It is amazing how wrong both the critics and the public can perceive an album when it is first released. The Clash’s second record is a case in point. The album was released in 1978, and it was largely panned. Most of the criticisms I have read focus on the producer that was chosen, a Sandy Pearlman (famous for his work with harder-rocking outfits). The truth is that the album is the most natural evolution of the sound The Clash had presented on their first offering you could ever picture.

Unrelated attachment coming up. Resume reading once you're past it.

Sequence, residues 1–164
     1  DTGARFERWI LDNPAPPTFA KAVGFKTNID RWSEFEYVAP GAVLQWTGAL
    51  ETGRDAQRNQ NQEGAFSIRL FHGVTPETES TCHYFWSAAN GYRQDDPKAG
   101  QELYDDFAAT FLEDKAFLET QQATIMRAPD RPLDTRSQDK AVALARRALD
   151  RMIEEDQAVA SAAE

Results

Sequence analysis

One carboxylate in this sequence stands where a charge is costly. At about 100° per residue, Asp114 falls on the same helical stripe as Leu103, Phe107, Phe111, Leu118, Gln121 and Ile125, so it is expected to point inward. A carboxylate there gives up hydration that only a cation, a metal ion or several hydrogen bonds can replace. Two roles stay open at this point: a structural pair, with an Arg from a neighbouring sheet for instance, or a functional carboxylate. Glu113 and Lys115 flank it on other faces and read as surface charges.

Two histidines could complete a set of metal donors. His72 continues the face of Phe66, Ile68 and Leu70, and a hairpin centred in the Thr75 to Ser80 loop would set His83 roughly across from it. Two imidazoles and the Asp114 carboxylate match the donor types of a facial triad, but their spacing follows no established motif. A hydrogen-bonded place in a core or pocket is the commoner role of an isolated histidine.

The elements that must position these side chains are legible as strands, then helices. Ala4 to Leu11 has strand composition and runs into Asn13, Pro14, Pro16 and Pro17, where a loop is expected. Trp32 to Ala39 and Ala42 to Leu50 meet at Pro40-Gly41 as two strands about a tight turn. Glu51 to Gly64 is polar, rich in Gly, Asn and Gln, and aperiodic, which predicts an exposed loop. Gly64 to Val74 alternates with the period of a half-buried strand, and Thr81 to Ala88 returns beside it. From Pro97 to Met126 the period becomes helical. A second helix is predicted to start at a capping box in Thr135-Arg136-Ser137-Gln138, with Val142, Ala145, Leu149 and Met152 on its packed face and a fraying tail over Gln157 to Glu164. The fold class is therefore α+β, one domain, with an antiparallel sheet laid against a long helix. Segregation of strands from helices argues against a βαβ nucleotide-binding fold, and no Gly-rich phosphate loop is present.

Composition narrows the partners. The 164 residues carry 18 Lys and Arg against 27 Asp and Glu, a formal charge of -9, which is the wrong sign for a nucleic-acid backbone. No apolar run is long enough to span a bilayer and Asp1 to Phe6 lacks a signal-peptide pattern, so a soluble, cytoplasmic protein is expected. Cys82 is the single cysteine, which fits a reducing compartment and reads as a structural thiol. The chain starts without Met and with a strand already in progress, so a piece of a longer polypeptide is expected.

In actuality, it is hard to imagine how an album that starts up with “Safe European Home” could cause a bad impression on the listener. The song is one of their best style explorations, melding a call-and-response lyric with a bestial wall of riffage that eventually gives way to a reggae excursion. You know what? That song alone justifies buying the album, especially since it is omitted on “best of” packages. The album as a whole has never got the recognition it deserves. In fact, when the “From Here To Eternity” live CD was issued in 1999, not a single song from “Give’em Enough Rope” was included. Not even “Tommy Gun” (the third track here) was featured. That song showcases that the political vision of the band was advancing both at a steady rhythm and in a focused way. It was Strummer’s homage to mercenaries, and a study on violent types and their motivations. The drums emulate a machine gun all the way through, and the sudden ending makes it all feel as if a grenade had been lodged into the brain of the listener through the song, only to explode at the song’s conclusion. Continue reading